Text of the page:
The recent incident of a man being killed by a white tiger at the Delhi zoo highlighted the need to restructure and revamp Indian zoological parks, while raising questions over the security of animals and visitors.
While some experts say it’s time private organisations were given a role in their management, others question the very concept of zoological parks.
They have even said that India’s zoos are among the worst in the world and the government should stop managing them and instead outsource them to private companies and experts.
“Zoological parks need to be shut down. Animals are not supposed to be kept in zoos, which is why they are called wild animals. Zoos should only operate for conservation and rehabilitation purposes, and not for people to throw stones and tease them,” said Animal Welfare Board of India vice chairman S. Chinny Krishna.
“You can never make zoos a safe place in India. Keeping animals in zoos is like keeping them in a golden cage and giving them food,” he added.
Prachi Mehta, wildlife scientist and executive director (Research) at the Wildlife Research and Conservation Society, said it is high time that India followed international standards to design its 192 zoos that are regulated by the Central Zoo Authority, an autonomous statutory body under the Wildlife (Protection) Act, under the environment ministry.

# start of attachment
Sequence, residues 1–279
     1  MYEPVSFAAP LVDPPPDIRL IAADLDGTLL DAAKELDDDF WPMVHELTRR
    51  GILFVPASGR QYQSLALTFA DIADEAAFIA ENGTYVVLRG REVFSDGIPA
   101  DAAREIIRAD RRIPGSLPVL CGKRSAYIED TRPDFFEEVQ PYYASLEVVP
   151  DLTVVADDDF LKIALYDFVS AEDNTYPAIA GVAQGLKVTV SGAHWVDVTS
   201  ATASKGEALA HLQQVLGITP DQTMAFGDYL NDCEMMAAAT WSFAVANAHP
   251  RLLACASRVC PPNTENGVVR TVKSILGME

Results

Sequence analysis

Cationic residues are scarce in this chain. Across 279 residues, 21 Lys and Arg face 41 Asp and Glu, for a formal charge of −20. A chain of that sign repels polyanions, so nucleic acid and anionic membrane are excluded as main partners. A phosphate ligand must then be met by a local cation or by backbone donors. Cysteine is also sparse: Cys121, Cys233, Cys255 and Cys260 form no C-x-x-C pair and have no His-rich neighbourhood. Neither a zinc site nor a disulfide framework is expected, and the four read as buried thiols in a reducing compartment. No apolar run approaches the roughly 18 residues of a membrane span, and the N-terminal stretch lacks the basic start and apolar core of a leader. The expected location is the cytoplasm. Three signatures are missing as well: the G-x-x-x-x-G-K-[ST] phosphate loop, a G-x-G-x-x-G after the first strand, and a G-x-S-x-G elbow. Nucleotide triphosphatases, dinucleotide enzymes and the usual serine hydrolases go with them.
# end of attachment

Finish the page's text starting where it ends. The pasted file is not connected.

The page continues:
“There are some excellent zoos outside India such as the Beijing zoo, San Diego zoo and Micke Grove (California) zoo that serve as excellent educational and research platforms and create awareness about animals. Our zoos can be designed in such ways,” said Mehta.
She said the focus on the revamping of zoos in India has come into sharp focus after the Sep 23 incident in which a seven-year-old white tiger mauled and killed a 20-year-old man, who had fallen in its enclosure.
Soon after the incident, which went viral on the social media, zoo authorities pointed out that the guard posted at the tiger’s enclosure tried to “stop” the victim and said he crossed three levels of barricading and “jumped” into the moat when the guard was not looking.